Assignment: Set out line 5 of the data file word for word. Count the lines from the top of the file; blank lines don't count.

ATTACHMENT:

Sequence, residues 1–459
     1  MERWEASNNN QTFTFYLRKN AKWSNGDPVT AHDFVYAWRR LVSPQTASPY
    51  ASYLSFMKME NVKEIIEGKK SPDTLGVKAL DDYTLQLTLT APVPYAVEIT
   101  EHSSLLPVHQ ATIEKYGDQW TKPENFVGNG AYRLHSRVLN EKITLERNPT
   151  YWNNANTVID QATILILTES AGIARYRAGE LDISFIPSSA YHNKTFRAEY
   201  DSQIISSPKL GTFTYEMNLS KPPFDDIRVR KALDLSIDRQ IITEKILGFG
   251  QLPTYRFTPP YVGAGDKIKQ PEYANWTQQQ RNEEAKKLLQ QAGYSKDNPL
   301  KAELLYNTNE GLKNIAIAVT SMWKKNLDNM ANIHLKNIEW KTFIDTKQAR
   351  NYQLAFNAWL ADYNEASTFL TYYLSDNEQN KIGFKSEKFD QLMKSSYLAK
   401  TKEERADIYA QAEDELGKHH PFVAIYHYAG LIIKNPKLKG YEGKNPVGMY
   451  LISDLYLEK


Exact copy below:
   151  YWNNANTVID QATILILTES AGIARYRAGE LDISFIPSSA YHNKTFRAEY